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'Our biggest economic impact that we can have, right now in my opinion, is staying at home and stopping the spread of this virus.'

STATE OF OREGON SCREENSHOT - State Rep. Paul Holvey of Eugene joined members of a special legislative committee Monday, March 23, to discuss possible responses to the coronavirus.The Legislature's coronavirus response committee is working through proposals to help Oregon businesses and residents handle the economic and health effects of the pandemic.

"What are the five most important things we must do as a Legislature to respond to this coronavirus?" committee Co-chair Rep. Paul Holvey, D-Eugene, asked at Monday's lengthy meeting. He said the committee's immediate goal is to propose policies and funding that help individuals and small businesses survive.

pmgHe called the COVID-19 pandemic "the most serious issue I have known of in my lifetime hitting the state of Oregon," and he implored Oregonians to follow the health guidelines that have been put in place. "Our biggest economic impact that we can have, right now in my opinion, is staying at home and stopping the spread of this virus. It's so ultimately important. Please take it seriously," Holvey said.

"The reality of the situation is, we were put in place to have real conversations for the public and everybody else to vet as many ideas as we thought were reasonable."

The committee resumes its work Tuesday morning, March 24, with the goal of prioritizing its recommendations. Co-chair Sen. Arnie Roblan, D-Coos Bay, said it would be up to Gov. Kate Brown and the Legislature's Democratic and Republican leaders to create the plan for a special legislative session.

"The reality of the situation is, we were put in place to have real conversations for the public and everybody else to vet as many ideas as we thought were reasonable. We were also asked to prioritize those," Roblan said of the Joint Special Committee on Coronavirus Response. "At the end of the day, the leaders of our four caucuses and the governor are going to have to come together to come up with a plan to have a special session, if we're going to do that.

"Not all of our recommendations and ideas will probably be accepted. That's the way the things are."

The aim is to have a solid plan so a special session can be concluded in about one day, Roblan said.

Sen. Tim Knopp, R-Bend, said the number of special legislative sessions needed this year to deal with coronavirus could eclipse the five special sessions called to handle the recession of 2002, which lasted from four to 19 days each.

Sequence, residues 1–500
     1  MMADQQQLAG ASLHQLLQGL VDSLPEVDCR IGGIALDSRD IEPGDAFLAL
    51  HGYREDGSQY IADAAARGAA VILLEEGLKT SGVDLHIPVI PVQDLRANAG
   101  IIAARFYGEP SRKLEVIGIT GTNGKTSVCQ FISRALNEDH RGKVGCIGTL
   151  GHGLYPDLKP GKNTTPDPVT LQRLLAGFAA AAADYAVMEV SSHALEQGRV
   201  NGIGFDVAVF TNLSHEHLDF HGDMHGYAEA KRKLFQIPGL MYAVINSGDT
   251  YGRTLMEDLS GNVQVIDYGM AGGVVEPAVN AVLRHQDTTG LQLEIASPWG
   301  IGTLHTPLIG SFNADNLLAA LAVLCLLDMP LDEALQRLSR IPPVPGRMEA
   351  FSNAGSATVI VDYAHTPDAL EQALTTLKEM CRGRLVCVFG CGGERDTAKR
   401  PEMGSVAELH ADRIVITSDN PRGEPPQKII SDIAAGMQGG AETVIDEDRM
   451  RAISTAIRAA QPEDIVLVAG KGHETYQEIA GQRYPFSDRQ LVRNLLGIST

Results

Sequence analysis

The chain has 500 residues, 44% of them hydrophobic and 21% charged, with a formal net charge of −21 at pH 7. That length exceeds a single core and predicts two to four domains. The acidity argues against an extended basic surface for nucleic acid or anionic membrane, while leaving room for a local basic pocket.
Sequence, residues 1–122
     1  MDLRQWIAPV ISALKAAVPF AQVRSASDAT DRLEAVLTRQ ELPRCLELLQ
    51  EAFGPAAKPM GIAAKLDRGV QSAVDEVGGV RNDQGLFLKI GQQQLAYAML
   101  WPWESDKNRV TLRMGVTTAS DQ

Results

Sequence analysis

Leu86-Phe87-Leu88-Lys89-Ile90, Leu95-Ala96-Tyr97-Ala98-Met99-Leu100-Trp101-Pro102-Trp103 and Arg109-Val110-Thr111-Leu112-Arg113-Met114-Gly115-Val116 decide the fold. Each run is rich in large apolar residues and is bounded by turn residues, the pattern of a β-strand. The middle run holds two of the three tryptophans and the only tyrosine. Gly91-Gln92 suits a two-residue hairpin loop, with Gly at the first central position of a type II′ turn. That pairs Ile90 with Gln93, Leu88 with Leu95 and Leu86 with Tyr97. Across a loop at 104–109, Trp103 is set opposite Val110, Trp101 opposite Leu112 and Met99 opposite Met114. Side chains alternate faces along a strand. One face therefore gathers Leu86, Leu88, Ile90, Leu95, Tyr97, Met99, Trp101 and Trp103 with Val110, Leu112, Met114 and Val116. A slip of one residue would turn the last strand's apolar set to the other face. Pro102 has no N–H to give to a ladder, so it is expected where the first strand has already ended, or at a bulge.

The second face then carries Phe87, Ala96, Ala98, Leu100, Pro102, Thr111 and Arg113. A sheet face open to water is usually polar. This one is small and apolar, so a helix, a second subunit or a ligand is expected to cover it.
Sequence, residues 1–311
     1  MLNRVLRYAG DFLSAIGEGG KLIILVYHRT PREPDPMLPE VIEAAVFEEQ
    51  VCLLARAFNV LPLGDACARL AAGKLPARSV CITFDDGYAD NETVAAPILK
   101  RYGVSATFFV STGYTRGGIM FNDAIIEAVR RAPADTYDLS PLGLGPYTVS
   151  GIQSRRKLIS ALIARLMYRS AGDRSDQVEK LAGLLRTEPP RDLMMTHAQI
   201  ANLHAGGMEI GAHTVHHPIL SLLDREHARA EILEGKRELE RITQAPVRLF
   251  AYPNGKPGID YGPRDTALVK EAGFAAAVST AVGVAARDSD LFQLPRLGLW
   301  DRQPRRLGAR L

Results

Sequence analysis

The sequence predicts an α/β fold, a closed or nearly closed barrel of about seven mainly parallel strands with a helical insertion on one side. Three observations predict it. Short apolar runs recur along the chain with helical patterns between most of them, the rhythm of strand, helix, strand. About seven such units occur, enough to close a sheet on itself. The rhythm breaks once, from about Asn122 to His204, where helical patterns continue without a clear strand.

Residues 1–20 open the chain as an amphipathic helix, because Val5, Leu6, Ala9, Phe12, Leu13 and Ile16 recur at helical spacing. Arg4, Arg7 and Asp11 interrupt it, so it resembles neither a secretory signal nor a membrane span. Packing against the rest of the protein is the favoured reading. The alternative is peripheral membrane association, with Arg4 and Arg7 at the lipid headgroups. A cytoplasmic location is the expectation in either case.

'Something we've got to figure out'

Helping the homeless was a top priority for committee members on Monday. They also discussed a slew of other issues, including unemployment benefits and potential delay of the new corporate activity tax.

Sen. Elizabeth Steiner Hayward, D-Portland, asked about economic assistance for independent contractors, such as hairdressers, who are not eligible for unemployment. It is unclear whether such businesses will be eligible for federal assistance.

STATE OF OREGON SCREENSHOT - Members of the Joint Special Committee on the Coronavirus Response sat about six feet apart during the March 23 meeting in Salem."They are the smallest of the small-business owners," Holvey said. "That's something we've got to figure out."

Some businesspeople and legislators have proposed that agencies "pause all non-essential rulemaking and workgroups not related to the COVID-19 response." Holvey said the governor may need changes in state law to have that flexibility.

He said most actions taken in the special legislative session would be temporary measures, not permanent state policy.

Rep. Duane Stark, R-Grants Pass, said regulations on workers' maximum hours and on predictive scheduling are among those that should be relaxed to help employers deal with absences and other coronavirus-related issues.

Underscoring the uncertainty facing Oregonians, Sen. Denyc Boles, R-Salem, said, "I want to make sure we take care of our employers and our employees."


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